Day 8: Tradition of Affordability

By on December 24, 2013

HawthorneToday is Day 8 in the Countdown to UTEP’s Centennial year.

We continue The Top 10 Traditions that Form the Foundation of Miner Pride and Success.

8. A Tradition of Affordability When classes began at the Texas School of Mines, tuition was free and students paid a $30 fee for lab materials. The first administration consisted simply of three faculty members, one of whom doubled as the school’s dean. As enrollments grew over the century, tuition increased proportionately. Administrative costs remained low as faculty served in administration and administrators taught courses. Today, while the rising costs of college tuition and student loan debt makes headlines, UTEP is recognized for its affordability. When economic hard times in the 1970s and 1980s reduced public funding for universities, many schools passed the costs along to students. UTEP began to look for money in new places, particularly in the form of new and larger research grants, and that decision has both maintained costs low and strengthened UTEP’s research production and impact. In 1993 and 2007, UTEP scored the lowest ratio of administrators per student in the nation. In 2012, the U.S. Department of Education ranked UTEP as having the lowest net price among all research universities in the nation.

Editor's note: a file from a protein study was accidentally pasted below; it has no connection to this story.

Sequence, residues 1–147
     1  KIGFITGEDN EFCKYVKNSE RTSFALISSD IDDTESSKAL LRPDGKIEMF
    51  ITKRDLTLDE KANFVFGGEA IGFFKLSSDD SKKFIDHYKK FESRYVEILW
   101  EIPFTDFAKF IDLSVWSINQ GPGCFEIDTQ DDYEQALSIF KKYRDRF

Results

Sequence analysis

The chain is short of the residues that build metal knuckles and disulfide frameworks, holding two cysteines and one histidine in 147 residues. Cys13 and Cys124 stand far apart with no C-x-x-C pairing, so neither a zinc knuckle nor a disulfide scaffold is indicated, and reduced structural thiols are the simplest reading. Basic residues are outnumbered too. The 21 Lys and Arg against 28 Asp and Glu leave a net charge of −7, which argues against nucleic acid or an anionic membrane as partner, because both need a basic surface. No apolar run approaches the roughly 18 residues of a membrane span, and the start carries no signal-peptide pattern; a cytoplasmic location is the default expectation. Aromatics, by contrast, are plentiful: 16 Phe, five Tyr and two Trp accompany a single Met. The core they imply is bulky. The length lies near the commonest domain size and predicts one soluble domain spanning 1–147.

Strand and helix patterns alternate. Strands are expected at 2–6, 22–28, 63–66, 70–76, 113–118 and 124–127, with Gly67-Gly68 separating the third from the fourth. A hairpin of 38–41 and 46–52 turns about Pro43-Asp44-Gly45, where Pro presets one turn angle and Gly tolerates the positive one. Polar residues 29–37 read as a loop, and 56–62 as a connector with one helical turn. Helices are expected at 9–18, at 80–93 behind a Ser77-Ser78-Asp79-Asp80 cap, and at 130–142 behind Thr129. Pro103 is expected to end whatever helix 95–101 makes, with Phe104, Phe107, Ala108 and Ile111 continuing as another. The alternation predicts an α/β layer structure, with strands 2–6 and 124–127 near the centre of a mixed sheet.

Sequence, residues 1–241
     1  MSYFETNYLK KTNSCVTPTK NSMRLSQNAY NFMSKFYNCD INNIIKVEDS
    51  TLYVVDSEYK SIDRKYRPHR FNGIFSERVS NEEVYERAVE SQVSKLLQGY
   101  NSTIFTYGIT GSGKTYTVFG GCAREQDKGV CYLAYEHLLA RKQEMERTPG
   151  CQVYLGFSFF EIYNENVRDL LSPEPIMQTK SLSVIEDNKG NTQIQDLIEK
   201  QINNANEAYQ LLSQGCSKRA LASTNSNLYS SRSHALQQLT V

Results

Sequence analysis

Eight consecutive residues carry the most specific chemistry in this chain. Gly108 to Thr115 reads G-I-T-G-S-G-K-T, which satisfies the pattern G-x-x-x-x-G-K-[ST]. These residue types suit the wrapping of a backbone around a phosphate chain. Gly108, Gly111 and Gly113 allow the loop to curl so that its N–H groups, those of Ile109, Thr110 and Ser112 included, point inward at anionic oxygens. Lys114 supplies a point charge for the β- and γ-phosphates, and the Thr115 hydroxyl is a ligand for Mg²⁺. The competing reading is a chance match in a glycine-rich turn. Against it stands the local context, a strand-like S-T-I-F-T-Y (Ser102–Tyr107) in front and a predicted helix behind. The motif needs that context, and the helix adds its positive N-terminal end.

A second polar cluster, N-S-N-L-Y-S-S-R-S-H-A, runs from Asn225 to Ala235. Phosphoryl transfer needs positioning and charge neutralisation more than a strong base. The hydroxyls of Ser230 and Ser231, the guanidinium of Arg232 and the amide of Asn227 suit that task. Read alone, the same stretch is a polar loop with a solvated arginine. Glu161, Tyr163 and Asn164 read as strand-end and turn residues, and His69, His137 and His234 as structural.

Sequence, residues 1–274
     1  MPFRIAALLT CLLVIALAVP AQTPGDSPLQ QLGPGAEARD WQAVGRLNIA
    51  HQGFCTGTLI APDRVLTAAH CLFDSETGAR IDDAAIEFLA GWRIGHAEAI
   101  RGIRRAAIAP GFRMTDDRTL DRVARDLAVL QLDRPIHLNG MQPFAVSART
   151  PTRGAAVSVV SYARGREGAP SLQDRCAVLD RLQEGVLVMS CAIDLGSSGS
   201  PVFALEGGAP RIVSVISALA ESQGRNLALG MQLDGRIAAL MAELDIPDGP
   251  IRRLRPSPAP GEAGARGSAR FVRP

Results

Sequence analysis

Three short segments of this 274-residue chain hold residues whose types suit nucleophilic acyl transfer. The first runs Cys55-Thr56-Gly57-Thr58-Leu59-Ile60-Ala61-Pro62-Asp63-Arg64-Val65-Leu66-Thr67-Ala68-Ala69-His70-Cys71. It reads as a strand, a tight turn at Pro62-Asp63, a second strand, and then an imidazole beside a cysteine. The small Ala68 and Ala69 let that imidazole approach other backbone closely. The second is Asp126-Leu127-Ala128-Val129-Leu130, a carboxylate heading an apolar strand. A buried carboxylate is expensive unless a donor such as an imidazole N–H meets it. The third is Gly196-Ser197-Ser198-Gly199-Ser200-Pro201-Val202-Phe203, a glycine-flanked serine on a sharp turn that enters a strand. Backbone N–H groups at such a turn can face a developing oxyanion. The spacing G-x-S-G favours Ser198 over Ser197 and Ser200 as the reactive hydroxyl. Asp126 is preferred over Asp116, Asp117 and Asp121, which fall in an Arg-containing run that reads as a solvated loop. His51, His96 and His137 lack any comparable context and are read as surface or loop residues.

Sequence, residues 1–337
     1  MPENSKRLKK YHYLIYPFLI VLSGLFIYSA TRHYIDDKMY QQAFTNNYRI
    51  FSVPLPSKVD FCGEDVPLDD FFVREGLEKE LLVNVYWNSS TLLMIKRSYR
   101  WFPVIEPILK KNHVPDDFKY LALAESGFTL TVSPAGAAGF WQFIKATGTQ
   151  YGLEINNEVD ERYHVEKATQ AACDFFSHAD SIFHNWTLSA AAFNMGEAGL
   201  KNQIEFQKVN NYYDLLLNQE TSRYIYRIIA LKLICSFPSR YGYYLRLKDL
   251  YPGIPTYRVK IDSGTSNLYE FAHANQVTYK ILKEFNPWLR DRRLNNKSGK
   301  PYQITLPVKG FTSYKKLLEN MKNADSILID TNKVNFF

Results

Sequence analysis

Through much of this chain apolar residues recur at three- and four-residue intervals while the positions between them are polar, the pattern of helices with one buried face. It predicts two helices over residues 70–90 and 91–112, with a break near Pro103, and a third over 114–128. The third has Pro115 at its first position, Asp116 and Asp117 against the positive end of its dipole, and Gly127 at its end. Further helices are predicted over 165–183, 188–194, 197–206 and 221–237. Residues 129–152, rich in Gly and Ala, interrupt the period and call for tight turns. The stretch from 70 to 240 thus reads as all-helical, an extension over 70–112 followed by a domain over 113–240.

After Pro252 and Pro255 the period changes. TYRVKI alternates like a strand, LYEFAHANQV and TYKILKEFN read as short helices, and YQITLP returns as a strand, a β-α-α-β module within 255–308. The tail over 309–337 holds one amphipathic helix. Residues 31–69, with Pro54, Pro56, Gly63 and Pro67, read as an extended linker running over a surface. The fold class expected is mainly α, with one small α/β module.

Keith A. Erekson served as the Executive Director of UTEP's Centennial Celebration from December 2011 through May 2014. Learn more at keitherekson.com.